“Hydroxyl” refers to a —OH group.

“Stereoisomer” as it relates to a given compound refers to another compound having the same molecular formula, wherein the atoms making up the other compound differ in the way they are oriented in space, but wherein the atoms in the other compound are like the atoms in the given compound with respect to which atoms are joined to which other atoms (e.g. an enantiomer, a diastereomer, or a geometric isomer). See for example, Morrison and Boyd, Organic Chemistry, 1983, 4th ed., Allyn and Bacon, Inc., Boston, Mass., p. 123.

“Substituted” refers to a group in which one or more hydrogen atoms are each independently replaced with the same or different substituent(s). “Substituted” groups particularly refer to groups having 1 or more substituents, for instance from 1 to 5 substituents, and particularly from 1 to 3 substituents, selected from the group consisting of acyl, acylamino, acyloxy, alkoxy, substituted alkoxy, alkoxycarbonyl, alkoxycarbonylamino, amino, substituted amino, aminocarbonyl, aminocarbonylamino, aminocarbonyloxy, aryl, aryloxy, azido, carboxyl, cyano, cycloalkyl, substituted cycloalkyl, halogen, hydroxyl, keto, nitro, thioalkoxy, substituted thioalkoxy, thioaryloxy, thioketo, thiol, alkyl-S(O)—, aryl-S(O)—, alkyl-S(O)2— and aryl-S(O)2. Substituents of interest may include, but are not limited to, —X, —R8 (with the proviso that R8 is not hydrogen), —O—, ═O, —OR8, —SR8, —S—, ═S, —NR8R9, ═NR8, —CX3, —CF3, —CN, —OCN, —SCN, —NO, —NO2, ═N2, —N3, —S(O)2O—, —S(O)2OH, —S(O)2R8, —OS(O2)O—, —OS(O)2R8, —P(O)(O—)2, —P(O)(OR8)(O—), —OP(O)(OR8)(0R9), —C(O)R8, —C(S)R8, —C(O)OR8, —C(O)NR8R9, —C(O)O—, —C(S)OR8, —NR10C(O)NR8R9, vNR10C(S)NR8R9, —NR11C(NR10)NR8R9 and —C(NR10)NR8R9, where each X is independently a halogen.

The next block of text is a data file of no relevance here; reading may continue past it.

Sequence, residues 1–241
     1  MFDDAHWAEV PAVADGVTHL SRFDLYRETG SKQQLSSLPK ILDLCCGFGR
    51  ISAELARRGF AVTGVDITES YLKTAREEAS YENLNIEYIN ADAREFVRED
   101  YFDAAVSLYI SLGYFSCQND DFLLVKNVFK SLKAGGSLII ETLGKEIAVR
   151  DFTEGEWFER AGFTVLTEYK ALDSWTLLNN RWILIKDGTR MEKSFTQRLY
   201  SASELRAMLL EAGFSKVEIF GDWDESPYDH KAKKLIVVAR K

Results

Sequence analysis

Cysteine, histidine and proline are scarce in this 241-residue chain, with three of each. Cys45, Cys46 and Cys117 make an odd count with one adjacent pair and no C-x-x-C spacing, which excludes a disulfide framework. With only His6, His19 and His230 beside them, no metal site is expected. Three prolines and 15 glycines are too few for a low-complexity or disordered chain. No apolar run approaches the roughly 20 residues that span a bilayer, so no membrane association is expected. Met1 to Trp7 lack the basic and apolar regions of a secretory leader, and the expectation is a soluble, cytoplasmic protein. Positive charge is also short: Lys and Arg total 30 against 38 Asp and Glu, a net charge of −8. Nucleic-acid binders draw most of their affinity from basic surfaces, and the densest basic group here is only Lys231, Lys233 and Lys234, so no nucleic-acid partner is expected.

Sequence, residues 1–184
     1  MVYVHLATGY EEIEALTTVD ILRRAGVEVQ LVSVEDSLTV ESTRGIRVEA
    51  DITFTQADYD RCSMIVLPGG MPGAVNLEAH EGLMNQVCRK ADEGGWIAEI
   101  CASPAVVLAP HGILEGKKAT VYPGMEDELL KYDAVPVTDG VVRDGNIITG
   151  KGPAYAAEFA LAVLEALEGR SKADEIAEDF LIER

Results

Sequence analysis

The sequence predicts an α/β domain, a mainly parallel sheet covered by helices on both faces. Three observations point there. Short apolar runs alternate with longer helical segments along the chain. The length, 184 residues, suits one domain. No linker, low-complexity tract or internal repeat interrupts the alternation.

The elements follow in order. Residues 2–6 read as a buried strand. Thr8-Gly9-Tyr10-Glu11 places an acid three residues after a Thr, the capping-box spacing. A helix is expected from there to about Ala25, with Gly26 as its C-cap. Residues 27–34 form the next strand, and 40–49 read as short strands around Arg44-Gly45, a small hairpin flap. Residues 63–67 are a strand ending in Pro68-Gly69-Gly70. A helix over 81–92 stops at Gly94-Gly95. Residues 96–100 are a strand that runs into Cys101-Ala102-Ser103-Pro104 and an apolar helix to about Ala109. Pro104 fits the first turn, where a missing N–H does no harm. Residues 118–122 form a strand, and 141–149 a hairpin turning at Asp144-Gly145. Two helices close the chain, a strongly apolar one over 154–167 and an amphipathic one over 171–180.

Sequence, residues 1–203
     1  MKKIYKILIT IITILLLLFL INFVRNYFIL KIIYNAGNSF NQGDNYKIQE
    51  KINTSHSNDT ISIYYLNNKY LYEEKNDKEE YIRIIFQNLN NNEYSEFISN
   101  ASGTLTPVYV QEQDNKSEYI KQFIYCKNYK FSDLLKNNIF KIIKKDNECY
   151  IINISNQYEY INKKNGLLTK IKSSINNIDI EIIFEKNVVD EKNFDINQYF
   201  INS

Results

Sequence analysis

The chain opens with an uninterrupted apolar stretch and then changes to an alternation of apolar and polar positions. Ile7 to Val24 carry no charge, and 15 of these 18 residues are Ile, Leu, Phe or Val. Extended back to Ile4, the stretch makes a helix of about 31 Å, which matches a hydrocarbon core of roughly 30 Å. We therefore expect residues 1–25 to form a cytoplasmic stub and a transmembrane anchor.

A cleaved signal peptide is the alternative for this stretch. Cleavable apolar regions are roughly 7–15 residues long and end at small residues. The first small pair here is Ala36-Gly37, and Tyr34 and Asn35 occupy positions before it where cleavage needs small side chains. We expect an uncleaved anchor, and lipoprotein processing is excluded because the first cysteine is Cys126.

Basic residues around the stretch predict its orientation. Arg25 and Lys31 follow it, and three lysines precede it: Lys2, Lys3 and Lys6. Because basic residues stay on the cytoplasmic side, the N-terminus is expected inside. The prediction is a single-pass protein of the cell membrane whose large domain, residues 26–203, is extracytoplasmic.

“Sulfonyl” refers to the group —SO2—. Sulfonyl includes, for example, methyl-SO2—, phenyl-SO2—, and alkylamino-SO2—.

“Sulfinyl” refers to the group —S(O)—.

“Thioalkoxy” refers to the group —S-alkyl.

“Thioaryloxy” refers to the group —S-aryl.

“Thioketo” refers to the group ═S.

“Thiol” refers to the group —SH.

“Thio” refers to the group —S—. Thio includes, for example, thioalkoxy, thioaryloxy, thioketo and thiol.

As to any of the groups disclosed herein which contain one or more substituents, it is understood, of course, that such groups do not contain any substitution or substitution patterns which are sterically impractical and/or synthetically non-feasible. In addition, the subject compounds include all stereochemical isomers arising from the substitution of these compounds.